A Texas-Sized Hellbender

Team Hellbender: Dan the Stream Man, JD the Noodler, Hellbender Wrangler Kim, and Nurse Veronica

Team Hellbender: Dan the Stream Man, JD the Noodler, Hellbender Wrangler Kim, and Nurse Veronica

We must have lifted 30 rocks this morning, and didn’t find a single hellbender. At one point, we saw something black and wiggly shoot out from under a rock. We spent the next 15 minutes chasing after it, thinking we found a baby hellbender, only to realize we had been duped by a regular old stream salamander. Shortly after that, we came upon a dazzling group of small, bright orange fish that we later identified as saffron shiners, Tennessee shiners, warpaint shiners, mountain redbelly dace, and river chub. The shiners were all crowded around the chub’s rock-covered nest, probably hoping for a tasty egg to slip out. After a half hour of shooting underwater fish pictures, we had started to lose our energy and focus. Things did not look good for team hellbender.

Dace, shiners, and river chub brighten up the stream bed.

Dace, shiners, and river chub brighten up the stream bed.

After stopping for lunch, we dragged ourselves back into the cold stream. I was feeling bored and soggy, and wondered if we were wasting our time at this site. I had only found two hellbenders here before – a little guy back in 2011 and an adult last month that was in pretty bad shape. It’s a popular fishing spot, and hellbenders tend to get caught and killed on fishing lines. My hopes of finding one were quickly fading.

Just as we resumed our search, we heard someone coming down the stream bank. It was Bill Harris, a bushy-bearded fisherman whose two passions in life are fly-tying and riding his bicycle along the Virginia Creeper Trail. Bill has a cute, curly-haired mutt that rides behind him in a covered trailer. Together they clean up the never-ending stream of litter that gets tossed alongside the Creeper. Today Bill was riding with his friend’s son, a 12-year old named James who was visiting for the summer from Texas. Bill had heard a lot about our project and was hoping to show James his first hellbender. The pressure was on.

James the Texan meets his very first hellbender.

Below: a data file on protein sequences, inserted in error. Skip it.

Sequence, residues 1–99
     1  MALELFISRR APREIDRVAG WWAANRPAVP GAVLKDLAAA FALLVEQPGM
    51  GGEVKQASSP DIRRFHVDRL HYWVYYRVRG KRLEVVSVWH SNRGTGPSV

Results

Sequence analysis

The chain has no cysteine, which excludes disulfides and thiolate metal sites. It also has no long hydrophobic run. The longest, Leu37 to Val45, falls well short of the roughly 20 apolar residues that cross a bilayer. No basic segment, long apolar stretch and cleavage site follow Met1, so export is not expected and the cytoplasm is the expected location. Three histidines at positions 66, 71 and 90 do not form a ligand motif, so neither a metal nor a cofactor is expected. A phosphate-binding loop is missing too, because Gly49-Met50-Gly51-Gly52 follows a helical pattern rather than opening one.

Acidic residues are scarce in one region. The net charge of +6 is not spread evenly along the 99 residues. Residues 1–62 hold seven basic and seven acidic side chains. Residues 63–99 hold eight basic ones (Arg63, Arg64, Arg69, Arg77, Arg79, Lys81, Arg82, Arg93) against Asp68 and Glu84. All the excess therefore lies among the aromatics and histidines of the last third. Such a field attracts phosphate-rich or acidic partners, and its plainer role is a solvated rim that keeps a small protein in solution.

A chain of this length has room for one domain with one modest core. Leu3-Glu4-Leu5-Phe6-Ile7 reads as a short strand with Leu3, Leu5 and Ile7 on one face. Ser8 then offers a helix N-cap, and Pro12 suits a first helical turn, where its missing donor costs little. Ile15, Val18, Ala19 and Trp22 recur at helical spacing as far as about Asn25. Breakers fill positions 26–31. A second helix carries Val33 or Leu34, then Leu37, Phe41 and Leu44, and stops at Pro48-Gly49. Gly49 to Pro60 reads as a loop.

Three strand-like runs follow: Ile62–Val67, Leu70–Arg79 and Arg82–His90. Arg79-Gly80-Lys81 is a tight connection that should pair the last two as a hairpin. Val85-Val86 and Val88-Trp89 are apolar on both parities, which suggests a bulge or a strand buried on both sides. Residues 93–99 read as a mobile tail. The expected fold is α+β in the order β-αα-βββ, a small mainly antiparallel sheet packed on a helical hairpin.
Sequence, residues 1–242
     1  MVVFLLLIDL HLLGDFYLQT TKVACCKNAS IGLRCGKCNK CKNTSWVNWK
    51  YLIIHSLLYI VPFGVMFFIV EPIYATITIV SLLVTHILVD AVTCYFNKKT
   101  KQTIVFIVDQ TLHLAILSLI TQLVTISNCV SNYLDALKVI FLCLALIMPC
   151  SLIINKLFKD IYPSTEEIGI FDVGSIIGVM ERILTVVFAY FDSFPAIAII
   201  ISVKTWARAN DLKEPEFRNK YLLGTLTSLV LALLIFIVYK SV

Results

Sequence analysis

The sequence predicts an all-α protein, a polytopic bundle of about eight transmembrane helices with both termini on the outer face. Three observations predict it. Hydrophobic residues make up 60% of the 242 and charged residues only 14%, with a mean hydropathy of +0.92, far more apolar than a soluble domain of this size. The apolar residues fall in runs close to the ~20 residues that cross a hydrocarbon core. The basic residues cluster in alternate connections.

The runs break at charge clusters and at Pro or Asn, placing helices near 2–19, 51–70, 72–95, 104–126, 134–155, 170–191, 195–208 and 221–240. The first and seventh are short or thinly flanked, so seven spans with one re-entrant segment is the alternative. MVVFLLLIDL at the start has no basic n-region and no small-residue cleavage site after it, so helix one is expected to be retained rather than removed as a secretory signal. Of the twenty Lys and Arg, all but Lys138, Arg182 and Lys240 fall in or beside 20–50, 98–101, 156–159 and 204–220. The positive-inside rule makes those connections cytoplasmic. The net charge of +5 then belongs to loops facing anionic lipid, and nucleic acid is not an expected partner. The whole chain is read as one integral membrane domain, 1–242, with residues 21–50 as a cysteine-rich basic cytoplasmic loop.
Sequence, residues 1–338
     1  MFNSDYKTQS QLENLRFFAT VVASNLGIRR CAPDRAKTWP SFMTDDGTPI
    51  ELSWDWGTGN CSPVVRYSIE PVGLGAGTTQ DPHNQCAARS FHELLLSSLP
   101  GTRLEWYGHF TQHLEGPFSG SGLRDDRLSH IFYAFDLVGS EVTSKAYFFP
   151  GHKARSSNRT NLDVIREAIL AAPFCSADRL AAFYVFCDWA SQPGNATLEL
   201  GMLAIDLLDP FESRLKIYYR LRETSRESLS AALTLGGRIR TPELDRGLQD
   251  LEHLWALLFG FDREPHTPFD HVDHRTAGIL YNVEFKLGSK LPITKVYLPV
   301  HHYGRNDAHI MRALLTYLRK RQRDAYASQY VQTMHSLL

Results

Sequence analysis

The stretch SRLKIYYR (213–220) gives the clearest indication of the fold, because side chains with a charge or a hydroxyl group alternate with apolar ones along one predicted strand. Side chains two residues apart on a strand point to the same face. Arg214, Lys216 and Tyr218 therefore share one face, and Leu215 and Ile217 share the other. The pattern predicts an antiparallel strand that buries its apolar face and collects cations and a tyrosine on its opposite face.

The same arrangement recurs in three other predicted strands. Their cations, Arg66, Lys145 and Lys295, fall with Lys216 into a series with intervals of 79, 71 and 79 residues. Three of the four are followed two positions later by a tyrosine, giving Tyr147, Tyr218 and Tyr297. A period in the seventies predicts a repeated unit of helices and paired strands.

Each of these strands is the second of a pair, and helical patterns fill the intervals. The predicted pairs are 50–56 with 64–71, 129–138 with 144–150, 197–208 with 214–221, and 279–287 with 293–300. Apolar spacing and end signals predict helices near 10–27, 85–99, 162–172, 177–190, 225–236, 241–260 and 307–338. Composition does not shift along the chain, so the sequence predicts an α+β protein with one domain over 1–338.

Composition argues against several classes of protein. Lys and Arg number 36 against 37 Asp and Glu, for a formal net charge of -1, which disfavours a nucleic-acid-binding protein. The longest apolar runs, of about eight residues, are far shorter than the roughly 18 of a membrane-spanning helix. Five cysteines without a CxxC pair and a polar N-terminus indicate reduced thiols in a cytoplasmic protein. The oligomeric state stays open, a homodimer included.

James the Texan meets his very first hellbender.

Bill’s salamander senses must have been tingling, because 2 minutes after they showed up, I reached under a boulder and felt the squishy side of a hellbender! I called over JD – he’s our partner from Virginia Game and Inland Fisheries and the best hellbender “noodler” I know. He reached under the rock, and with a little twisting and splashing, wrestled (or “noodled”) out an ENORMOUS hellbender. This thing was 2 feet long and weighed almost 2 ½ pounds, about as heavy as a wooden baseball bat. It was the perfect first hellbender for a kid from Texas.

2 comments

  1. Cheryl Alexander says:

    Can the mucous from any of the salamanders in the Kings Port area cause you do be ill for a few hours? I know, dumb question. We had a group of teen in Duffield Virginia on a mission trip. 3 girls had dilated eyes, headaches, tingling legs and a rash. The girl that had it worse had put her fingers in her mouth to adjust the rubber bands on her braces. She was kind of “spacey” too. No they were not doing drugs I assure you. This is the only thing we can think of that caused it and we have done a little research online and it leads us to the salamanders. The creek they were walking in and found the salamanders in came out of a cave.

  2. Kimberly Terrell says:

    Wow, what an odd experience. I can assure you that it definitely was NOT a salamander. Could they have been accidentally exposed to some sort of pesticide or chemical?

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